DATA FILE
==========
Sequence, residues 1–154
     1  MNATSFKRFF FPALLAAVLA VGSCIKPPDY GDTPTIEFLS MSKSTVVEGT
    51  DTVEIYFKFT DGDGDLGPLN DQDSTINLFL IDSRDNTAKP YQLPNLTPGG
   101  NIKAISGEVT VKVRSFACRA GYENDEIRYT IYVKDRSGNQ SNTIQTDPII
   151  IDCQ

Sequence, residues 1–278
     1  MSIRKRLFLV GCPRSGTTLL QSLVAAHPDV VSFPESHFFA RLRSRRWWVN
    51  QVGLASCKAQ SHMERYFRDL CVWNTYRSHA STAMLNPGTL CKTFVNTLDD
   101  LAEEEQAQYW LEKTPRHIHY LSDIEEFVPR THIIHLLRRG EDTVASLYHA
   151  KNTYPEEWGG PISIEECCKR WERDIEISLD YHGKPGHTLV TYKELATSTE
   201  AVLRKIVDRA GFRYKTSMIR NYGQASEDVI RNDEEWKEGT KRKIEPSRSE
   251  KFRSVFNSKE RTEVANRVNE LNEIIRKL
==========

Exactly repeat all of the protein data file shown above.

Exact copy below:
Sequence, residues 1–154
     1  MNATSFKRFF FPALLAAVLA VGSCIKPPDY GDTPTIEFLS MSKSTVVEGT
    51  DTVEIYFKFT DGDGDLGPLN DQDSTINLFL IDSRDNTAKP YQLPNLTPGG
   101  NIKAISGEVT VKVRSFACRA GYENDEIRYT IYVKDRSGNQ SNTIQTDPII
   151  IDCQ

Sequence, residues 1–278
     1  MSIRKRLFLV GCPRSGTTLL QSLVAAHPDV VSFPESHFFA RLRSRRWWVN
    51  QVGLASCKAQ SHMERYFRDL CVWNTYRSHA STAMLNPGTL CKTFVNTLDD
   101  LAEEEQAQYW LEKTPRHIHY LSDIEEFVPR THIIHLLRRG EDTVASLYHA
   151  KNTYPEEWGG PISIEECCKR WERDIEISLD YHGKPGHTLV TYKELATSTE
   201  AVLRKIVDRA GFRYKTSMIR NYGQASEDVI RNDEEWKEGT KRKIEPSRSE
   251  KFRSVFNSKE RTEVANRVNE LNEIIRKL